Along with that fun, there are always health and safety precautions that need to be taken -- but just because you play it safe doesn't mean that you can't have any fun.
The Indiana Department of Homeland Security has a hotline set up for unsafe rides and rides without permits. All rides should have a current permit issued by IDHS. If there is no permit on the ride, the permit has expired, or the ride looks unsafe, call (888) 203-5020 to report these rides.
Some other safety tips for rides are to keep all body parts within the ride and if you have long hair, keep the hair pulled up. Also, make sure to use the safety equipment that is provided for that ride and to stay seated until the ride comes to a complete stop.
People also need to know their physical conditions and limitations and not ride any rides that might aggravate any pre-existing conditions.
Greencastle Chief of Police Tom Sutherlin offered some safety tips for those going to the fair.
Sutherlin said car owners should make sure to keep vehicles locked when unattended, and to also make sure to not leave any valuables in clear sight. This will deter thieves from breaking into them.
Sutherlin also said pedestrians should remember to watch for oncoming traffic and to walk against traffic to avoid getting hit.
Even though the Greencastle Police will not be the main source of security at the Putnam County Fair, they will come and help out if necessary.
Doug Nally of the Putnam County Sheriff's Department said some of the issues he has seen in the past at the fair involve the traffic.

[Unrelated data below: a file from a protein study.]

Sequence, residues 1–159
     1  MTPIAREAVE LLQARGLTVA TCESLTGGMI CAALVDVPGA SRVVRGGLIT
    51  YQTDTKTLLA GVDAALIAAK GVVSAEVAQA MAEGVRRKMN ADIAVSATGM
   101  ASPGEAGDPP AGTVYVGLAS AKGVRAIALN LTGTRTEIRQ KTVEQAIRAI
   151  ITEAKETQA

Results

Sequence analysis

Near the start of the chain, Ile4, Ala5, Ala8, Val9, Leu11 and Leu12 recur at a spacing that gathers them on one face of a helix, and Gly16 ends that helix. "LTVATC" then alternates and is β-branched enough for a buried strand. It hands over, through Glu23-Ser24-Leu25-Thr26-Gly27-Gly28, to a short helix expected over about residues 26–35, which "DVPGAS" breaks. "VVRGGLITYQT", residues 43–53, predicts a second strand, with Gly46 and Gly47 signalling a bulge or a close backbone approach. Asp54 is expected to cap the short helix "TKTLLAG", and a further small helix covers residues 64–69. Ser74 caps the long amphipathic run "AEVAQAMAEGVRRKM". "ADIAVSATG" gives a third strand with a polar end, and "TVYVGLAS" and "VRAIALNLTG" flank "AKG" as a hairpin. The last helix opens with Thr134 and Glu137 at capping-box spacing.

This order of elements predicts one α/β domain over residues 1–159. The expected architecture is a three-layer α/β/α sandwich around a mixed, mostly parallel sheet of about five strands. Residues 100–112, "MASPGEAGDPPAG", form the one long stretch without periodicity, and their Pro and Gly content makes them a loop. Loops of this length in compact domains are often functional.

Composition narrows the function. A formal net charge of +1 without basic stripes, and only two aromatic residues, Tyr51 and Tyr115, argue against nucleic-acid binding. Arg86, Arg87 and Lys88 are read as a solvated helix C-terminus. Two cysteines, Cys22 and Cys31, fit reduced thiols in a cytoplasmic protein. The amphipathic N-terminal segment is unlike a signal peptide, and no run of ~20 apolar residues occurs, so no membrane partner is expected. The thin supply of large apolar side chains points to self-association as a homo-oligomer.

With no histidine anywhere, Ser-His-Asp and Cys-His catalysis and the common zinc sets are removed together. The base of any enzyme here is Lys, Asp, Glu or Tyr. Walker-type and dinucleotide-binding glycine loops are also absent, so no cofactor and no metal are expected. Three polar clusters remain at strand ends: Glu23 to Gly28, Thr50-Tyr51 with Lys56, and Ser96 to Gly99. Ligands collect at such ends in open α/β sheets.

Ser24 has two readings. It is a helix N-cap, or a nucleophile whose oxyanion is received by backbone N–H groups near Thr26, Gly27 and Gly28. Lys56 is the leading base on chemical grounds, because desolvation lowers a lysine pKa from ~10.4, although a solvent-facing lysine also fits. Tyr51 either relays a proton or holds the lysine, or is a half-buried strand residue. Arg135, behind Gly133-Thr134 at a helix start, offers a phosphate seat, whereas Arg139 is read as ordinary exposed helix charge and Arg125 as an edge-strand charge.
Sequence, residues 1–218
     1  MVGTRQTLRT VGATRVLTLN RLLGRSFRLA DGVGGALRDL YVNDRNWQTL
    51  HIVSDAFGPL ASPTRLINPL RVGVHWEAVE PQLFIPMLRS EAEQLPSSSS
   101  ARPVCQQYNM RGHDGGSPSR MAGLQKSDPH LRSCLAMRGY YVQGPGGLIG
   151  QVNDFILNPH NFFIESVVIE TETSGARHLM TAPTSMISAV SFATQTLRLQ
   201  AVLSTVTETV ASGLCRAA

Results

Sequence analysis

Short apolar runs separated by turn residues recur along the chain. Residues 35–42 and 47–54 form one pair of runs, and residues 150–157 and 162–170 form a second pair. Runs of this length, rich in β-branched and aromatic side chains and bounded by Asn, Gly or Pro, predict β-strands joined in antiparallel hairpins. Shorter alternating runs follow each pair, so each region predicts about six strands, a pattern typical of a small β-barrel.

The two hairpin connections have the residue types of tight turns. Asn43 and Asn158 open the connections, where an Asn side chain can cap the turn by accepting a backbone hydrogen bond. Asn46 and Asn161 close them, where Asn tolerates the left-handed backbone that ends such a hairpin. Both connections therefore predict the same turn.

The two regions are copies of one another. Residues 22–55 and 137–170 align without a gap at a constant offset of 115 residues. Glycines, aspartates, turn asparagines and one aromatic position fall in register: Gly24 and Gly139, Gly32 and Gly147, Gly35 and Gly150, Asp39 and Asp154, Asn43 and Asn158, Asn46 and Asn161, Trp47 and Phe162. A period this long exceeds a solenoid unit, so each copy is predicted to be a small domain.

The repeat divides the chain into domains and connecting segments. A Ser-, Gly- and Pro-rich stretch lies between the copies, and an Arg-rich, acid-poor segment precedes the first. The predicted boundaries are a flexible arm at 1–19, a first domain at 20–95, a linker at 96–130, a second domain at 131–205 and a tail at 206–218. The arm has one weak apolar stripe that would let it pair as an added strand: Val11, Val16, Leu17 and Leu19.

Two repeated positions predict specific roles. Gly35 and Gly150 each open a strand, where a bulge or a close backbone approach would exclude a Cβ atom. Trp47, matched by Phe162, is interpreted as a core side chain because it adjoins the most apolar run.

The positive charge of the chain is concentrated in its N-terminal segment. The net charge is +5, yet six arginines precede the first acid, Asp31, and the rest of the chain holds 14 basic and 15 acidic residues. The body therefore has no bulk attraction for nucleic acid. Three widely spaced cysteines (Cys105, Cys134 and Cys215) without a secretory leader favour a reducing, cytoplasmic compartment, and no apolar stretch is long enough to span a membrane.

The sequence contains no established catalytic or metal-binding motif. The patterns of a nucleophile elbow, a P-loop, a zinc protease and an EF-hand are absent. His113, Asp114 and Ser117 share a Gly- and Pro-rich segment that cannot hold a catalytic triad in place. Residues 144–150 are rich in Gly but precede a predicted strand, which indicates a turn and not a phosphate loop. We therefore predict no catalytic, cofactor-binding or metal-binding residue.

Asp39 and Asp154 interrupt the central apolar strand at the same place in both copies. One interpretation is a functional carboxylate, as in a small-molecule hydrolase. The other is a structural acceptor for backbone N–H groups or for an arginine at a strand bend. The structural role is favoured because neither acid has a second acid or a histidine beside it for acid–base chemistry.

There are always lines entering and exiting the parking lots of the fairgrounds. Nally said there haven't been many reports of people attempting to break into unattended cars in the parking lot, that the biggest problem they see is people locking their keys in the car. He said there are trollies to help people get back and forth from the parking lots and to the fairgrounds.
Nally said there aren't very may occurrences of lost children. He said if parents do get separated from their child, the parents can go to the emergency services building and the fire department and others with radios will help to locate the missing child.
Every year, the Red Cross has a booth at the fair. Carol Stevens of the American Red Cross Wabash Valley Chapter shared some information about their booth at the fair.
The booth offers a safe haven from the heat, she said. They also offer bottles of water and cots if fairgoers need to take advantage of their services.
If anyone comes in suffering from heat stroke or any serious injury, they contact the emergency management building and allow the professionals to treat the individual.
Dr. Brian Dowen of the Putnam County Hospital emergency room also offered some tips to fairgoers on how to protect themselves against sunstroke and sunburn.
Dowen said to make sure to stay hydrated by drinking plenty of water and sports drinks (the sports drinks help replenish electrolytes that have been lost through sweating), and to stay away from heavily caffeinated beverages as they dehydrate the body. He also suggested wearing light clothing.
To prevent sunburns, make sure to wear broad hats and to wear sunscreen also to reapply sunscreen throughout the day. Dowen said small children and the elderly are more susceptible to the heat, and to keep an eye on small children because they usually don't know how to communicate when they get overheated.